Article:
Over the last decade across environments receiving long term average rainfall of 350-650 mm, summer sowing has, across all 14 replicated field sites for all hardseeded legumes, resulted in significant increases in herbage production compared to when the same species is conventionally sown using scarified seed (Figure 1). Moreover, summer sowing of any of the hardseeded species has given significantly higher herbage production than conventional sowing of subterranean clover or annual medics.

If we divide the data for the 14 sites up for seasonal conditions, we see the same trends emerging for severe drought (2019) and average years (Figure 1). Only in the wet year (2016), did conventional sowing for some species equal or exceed that achieved by the summer sowing. Interestingly, in 2020, herbage yields for summer sowing was significantly higher than for conventional sowing (data not shown). In summary, summer sowing has proved to be a robust method for the establishment of pasture giving significantly higher herbage production than where legumes are conventionally sown in late autumn.

Not all cultivars of all hardseeded legumes are suitable for summer sowing. In Western Australia, where the summer sowing technique was pioneered, hardseeded French serradella (cv. Margurita and Frano) and bladder clover (cv. Bartolo) can be successfully used in summer sowing. In NSW however, in addition to these species and cultivars, arrowleaf clover (cv. Cefalu), biserrula (cv. Casbah), gland clover (cv. Prima) and yellow serradella (cv. Avila and acc. 87GEH72.1a) have been successfully used in summer sowing. Differences between WA and NSW in species and cultivar suitability for summer sowing appears to be a consequence of differences in summer moisture regimes (Howieson et al. 2021). Bottom line: it is important to consider which cultivars of certain species are suitable for summer sowing. Some just do not break down sufficiently for use in summer sowing.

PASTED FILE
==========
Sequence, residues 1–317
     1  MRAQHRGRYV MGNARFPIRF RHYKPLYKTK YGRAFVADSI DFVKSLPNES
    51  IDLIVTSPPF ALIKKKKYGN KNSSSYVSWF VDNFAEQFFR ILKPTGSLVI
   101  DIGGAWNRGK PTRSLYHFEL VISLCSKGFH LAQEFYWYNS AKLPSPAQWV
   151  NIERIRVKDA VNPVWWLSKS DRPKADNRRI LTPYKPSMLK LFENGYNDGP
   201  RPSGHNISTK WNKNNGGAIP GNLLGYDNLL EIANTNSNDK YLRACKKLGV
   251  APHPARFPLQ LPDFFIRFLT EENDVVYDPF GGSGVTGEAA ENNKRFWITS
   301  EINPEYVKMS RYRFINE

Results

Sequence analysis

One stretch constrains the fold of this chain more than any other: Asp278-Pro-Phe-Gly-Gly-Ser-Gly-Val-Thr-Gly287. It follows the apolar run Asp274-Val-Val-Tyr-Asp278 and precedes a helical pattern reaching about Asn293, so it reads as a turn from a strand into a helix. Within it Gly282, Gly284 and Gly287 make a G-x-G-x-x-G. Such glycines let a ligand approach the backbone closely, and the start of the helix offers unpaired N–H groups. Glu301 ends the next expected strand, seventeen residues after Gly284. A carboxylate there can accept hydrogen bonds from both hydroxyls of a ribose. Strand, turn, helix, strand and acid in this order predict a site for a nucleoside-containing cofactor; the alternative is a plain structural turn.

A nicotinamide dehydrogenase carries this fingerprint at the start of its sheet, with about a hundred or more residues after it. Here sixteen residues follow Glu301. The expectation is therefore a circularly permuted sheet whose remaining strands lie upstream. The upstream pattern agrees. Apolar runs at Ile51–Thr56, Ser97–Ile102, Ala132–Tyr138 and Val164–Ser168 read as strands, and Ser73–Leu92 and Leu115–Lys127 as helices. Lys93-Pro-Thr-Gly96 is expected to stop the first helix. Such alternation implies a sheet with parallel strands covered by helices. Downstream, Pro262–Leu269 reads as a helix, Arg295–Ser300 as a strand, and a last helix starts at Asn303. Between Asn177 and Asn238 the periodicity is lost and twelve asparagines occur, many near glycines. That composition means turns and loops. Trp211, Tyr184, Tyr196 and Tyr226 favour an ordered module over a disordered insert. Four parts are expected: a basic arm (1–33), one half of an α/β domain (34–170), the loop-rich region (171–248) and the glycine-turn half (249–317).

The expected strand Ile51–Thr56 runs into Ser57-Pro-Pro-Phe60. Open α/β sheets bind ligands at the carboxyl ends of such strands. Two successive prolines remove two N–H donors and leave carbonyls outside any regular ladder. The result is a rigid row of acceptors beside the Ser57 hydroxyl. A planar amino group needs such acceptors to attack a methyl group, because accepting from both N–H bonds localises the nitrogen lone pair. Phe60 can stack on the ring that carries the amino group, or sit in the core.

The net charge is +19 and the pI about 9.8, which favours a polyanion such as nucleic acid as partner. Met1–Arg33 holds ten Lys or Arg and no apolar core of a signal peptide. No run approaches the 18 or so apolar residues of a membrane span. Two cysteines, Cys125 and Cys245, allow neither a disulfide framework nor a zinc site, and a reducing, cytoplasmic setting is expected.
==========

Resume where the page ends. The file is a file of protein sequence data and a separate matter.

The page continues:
Nitrogen fixation

Across sites, biological nitrogen fixation for all hardseeded and traditional legumes has ranged from 18-33 kg N/t shoot DM with an average of 23 kg N/ t DM.  Average biomass production for most species when summer sown across 14 sites and six years is around 4 t DM/ha indicating close to 100 kg N/ha is being fixed on average (Figure 1). Interestingly, the summer sown hardseeded legumes, based on this average would have contributed similar quantities of nitrogen in drought and average years (Figure 1). In comparison, most conventionally sown legumes have contributed < 50 kg N/ha except in 2016. Summer sown arrowleaf clover has, from our results, tremendous capacity for nitrogen fixation exceeding 150 kg N/ha averaged across all 14 sites, under severe drought (2019) and in average years and >200 kg N/ha in 2016.

These four column graphs show the peak biomass (herbage) production (kg DM/ha) for a range of annual legumes sown either as unscarified/in-pod seed in mid to late summer (SS) or as scarified seed in May (NS) averaged across 14 sites from 2012-2019. The data is then divided into peak biomass production in drought, wet and average rainfall years. The top left shows the average over the years, Top right shows 2019 drought year, bottom left shows 2016 wet year and bottom right shows average years.Figure 1. Peak biomass (herbage) production (kg DM/ha) for a range of annual legumes sown either as unscarified/in-pod seed in mid to late summer (SS) or as scarified seed in May (NS) averaged across 14 sites from 2012-2019. The data is then divided into peak biomass production in drought, wet and average rainfall years

Seed yield